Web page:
Dodds notes, and I believe rightly, that most Christian philosophers addressing these topics have assumed that at least classical physics treats the universe as deterministic and closed under physical laws, and that, if one makes this assumption, Christian thinkers who respect science must approach divine action in a fashion that “respects” science either (a) by rendering it compatible with determinism of natural efficient causes, or (b) by looking to things like quantum indeterminacy or chaos to overthrow the classical assumptions, or (c) by looking to newer philosophical perspectives on science like emergence. I agree with him that these strategies are unsatisfying. My analysis of the underlying problem, however, is orthogonal to his, though whether they are incompatible is a question that exceeds the scope of this paper.
Laws, Natural and Scientific
The core of my diagnosis of the problem is this: the assumption that there is anything about a commitment to natural laws—even classical laws—that implies either determinism or the causal closure of the universe under physical laws is problematic, and we find a good early model of how to interpret laws differently in Newton himself,The seventeenth and eighteenth century were remarkable in the discovery of what we now call “scientific laws”—an expression first coined by René Descartes. and explored recently in “causal powers” interpretations of laws. So I submit there are at least two ways of having scientific laws and robust divine causation too: the truly Newtonian/causal-powers “short way” which holds there is no contradiction in the first place, and Dodds’s suggestion that we embrace a far richer view of causation and agency. These may well turn out to be compatible and capable of fruitful integration in the long run, and I hope that my paper will begin a conversation along these lines.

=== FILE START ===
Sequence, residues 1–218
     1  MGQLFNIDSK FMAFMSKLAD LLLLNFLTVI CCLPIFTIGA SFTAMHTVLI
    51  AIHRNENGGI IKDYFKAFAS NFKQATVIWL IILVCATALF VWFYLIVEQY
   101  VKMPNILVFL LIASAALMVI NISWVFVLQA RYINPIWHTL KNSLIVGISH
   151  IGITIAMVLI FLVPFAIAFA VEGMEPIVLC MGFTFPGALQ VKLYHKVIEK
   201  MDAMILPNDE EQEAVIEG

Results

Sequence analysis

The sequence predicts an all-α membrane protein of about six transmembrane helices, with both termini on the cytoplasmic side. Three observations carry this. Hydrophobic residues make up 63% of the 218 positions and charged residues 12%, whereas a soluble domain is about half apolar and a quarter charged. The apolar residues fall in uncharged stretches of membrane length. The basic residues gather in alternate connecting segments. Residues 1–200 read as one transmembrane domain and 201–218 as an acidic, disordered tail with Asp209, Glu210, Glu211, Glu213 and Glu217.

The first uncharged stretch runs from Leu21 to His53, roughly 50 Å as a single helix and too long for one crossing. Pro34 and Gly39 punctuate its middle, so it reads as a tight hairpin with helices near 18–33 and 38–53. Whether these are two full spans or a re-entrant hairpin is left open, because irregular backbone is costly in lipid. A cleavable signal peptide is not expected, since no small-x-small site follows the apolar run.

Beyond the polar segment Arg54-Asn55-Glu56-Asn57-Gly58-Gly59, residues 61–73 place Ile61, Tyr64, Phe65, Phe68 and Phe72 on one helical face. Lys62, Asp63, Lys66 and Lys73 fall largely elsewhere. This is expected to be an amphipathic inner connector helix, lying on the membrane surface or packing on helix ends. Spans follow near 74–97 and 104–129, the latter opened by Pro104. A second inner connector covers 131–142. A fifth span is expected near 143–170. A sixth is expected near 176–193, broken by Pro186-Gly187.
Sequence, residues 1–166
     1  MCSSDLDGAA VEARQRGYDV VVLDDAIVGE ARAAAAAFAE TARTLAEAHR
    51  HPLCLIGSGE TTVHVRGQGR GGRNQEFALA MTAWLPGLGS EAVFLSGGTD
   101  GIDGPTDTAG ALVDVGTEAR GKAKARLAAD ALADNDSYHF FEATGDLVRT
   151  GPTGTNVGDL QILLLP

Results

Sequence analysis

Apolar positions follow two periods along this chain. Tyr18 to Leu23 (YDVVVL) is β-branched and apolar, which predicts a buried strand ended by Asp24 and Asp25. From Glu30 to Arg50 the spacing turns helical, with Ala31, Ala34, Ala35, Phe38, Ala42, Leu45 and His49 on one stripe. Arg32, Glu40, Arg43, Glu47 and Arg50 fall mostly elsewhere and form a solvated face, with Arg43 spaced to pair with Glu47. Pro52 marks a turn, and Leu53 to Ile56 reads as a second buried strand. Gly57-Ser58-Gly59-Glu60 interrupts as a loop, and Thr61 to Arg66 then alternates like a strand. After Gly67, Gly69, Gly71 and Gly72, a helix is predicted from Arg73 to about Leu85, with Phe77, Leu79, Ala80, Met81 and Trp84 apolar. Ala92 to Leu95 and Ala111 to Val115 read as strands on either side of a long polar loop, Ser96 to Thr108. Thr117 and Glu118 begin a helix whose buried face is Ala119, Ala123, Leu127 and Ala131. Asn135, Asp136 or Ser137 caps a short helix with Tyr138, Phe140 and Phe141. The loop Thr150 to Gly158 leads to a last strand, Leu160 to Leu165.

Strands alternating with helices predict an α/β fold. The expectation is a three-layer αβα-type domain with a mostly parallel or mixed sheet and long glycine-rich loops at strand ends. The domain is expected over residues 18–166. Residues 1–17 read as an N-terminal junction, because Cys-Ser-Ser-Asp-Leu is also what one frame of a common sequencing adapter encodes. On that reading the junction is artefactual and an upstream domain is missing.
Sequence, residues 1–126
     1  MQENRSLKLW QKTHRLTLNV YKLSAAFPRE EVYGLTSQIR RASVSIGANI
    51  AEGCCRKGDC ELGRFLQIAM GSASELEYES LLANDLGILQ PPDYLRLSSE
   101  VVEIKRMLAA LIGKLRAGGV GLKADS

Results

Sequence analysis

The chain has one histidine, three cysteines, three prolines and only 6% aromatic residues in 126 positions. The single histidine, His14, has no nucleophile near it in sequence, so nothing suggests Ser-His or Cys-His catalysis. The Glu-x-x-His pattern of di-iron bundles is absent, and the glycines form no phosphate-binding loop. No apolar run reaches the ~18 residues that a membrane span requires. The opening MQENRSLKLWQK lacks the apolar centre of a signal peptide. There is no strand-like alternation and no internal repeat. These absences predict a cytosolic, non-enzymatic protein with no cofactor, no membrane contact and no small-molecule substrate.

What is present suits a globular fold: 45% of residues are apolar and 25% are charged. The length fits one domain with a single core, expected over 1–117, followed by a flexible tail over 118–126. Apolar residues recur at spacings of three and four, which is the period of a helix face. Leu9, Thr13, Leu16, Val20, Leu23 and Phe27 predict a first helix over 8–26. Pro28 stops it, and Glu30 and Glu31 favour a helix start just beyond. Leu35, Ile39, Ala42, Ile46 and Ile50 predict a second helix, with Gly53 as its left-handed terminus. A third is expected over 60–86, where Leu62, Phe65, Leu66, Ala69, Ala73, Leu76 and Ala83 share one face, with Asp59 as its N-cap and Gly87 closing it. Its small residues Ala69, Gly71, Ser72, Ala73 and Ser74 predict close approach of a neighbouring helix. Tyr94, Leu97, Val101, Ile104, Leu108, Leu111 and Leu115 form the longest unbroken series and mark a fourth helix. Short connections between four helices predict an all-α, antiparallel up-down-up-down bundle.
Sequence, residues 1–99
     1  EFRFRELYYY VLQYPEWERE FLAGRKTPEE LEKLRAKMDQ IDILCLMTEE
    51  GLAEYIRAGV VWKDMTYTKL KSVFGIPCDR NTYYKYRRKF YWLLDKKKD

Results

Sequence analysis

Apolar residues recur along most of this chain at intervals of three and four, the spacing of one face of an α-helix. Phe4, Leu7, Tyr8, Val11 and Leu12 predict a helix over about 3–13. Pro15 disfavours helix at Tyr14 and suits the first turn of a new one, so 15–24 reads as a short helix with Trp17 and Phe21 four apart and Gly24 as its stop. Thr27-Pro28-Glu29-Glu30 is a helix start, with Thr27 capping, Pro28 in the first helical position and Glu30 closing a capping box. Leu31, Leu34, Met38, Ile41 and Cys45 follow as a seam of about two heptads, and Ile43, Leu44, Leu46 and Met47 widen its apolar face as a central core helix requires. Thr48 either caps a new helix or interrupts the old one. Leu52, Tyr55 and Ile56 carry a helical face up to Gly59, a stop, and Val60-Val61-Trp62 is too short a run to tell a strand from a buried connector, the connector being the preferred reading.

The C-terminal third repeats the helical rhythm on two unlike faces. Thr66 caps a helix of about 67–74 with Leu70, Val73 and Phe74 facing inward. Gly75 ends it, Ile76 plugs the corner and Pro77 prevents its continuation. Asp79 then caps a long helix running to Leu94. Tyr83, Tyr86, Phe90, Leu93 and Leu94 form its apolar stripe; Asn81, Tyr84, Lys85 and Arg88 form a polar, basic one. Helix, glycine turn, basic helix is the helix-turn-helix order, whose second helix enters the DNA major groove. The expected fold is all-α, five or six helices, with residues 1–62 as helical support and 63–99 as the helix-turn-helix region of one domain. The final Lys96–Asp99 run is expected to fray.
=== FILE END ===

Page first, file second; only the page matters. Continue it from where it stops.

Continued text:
The seventeenth and eighteenth century were remarkable in the discovery of what we now call “scientific laws”—an expression first coined by René Descartes, who truly saw them as products of divine legislation. But there were alternative conceptions of how these should be interpreted. Leibniz followed Descartes in seeing them as products of divine decision, but further styled God as a cosmic clockmaker, and the universe as a perfect and autonomous machine that was deterministic in its operation once set into motion. (Though, unlike both Descartes and the Empiricists, Leibniz preserved a role for teleology and enteleches.) Hume viewed laws as exceptionless generalizations about how things actually happen, and the Logical Empiricists retooled this idea in logical form by treating them as true, universally-quantified claims about the real-world behavior of objects in nature. This Empiricist view easily leads to determinism if we make the small additional assumption that every object falls at every time under at least one natural law, because then its future behavior is entailed by a true universal generalization. And Hume, in particular, argued against miracles on the basis of his conception of laws.
The Causal Story
Newton was Leibniz’s great rival, and Hume and the Empiricists styled themselves “Newtonians,” and both led to the conclusion of a deterministic and causally-closed universe. But what were Newton’s own views? Newton clearly believed in miracles. He thought there were scientific reasons to think God must work them, but his belief was also grounded in his theology.Gail Christianson, In the Presence of the Creator: Isaac Newton and His Times (New York: Free Press, 1984); Margaret C. Jacob and Betty Jo Teeter Dobbs, Newton and the Culture of Newtonianism. (Amherst, NY: Humanity Books, 1999). Whereas Leibniz styled God an architect or clockmaker, Newton’s preferred metaphor was that of God as a sovereign, and he viewed it as important to sovereignty that a monarch exercise arbitrary authority. Both laws and arbitrary decrees outside of those laws are equally exercises of sovereignty, but a king who makes laws and then retires to the heavenly chamber is little more than a titular monarch who leaves the real power in the hands of parliament. But all this is at the level of theological metaphor. What of Newton’s actual science?